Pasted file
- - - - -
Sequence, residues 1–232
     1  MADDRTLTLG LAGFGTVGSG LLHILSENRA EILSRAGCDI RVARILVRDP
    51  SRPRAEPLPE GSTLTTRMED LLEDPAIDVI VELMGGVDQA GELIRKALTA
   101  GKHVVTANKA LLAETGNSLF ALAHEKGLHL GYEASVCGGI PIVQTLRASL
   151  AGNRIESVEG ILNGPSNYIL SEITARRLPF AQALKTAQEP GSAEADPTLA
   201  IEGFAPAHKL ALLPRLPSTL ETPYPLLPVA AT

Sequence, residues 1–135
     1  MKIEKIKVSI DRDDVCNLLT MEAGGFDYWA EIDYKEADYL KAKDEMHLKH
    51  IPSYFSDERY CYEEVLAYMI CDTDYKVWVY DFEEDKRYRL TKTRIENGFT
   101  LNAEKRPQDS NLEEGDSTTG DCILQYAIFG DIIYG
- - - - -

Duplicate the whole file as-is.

Sequence, residues 1–232
     1  MADDRTLTLG LAGFGTVGSG LLHILSENRA EILSRAGCDI RVARILVRDP
    51  SRPRAEPLPE GSTLTTRMED LLEDPAIDVI VELMGGVDQA GELIRKALTA
   101  GKHVVTANKA LLAETGNSLF ALAHEKGLHL GYEASVCGGI PIVQTLRASL
   151  AGNRIESVEG ILNGPSNYIL SEITARRLPF AQALKTAQEP GSAEADPTLA
   201  IEGFAPAHKL ALLPRLPSTL ETPYPLLPVA AT

Sequence, residues 1–135
     1  MKIEKIKVSI DRDDVCNLLT MEAGGFDYWA EIDYKEADYL KAKDEMHLKH
    51  IPSYFSDERY CYEEVLAYMI CDTDYKVWVY DFEEDKRYRL TKTRIENGFT
   101  LNAEKRPQDS NLEEGDSTTG DCILQYAIFG DIIYG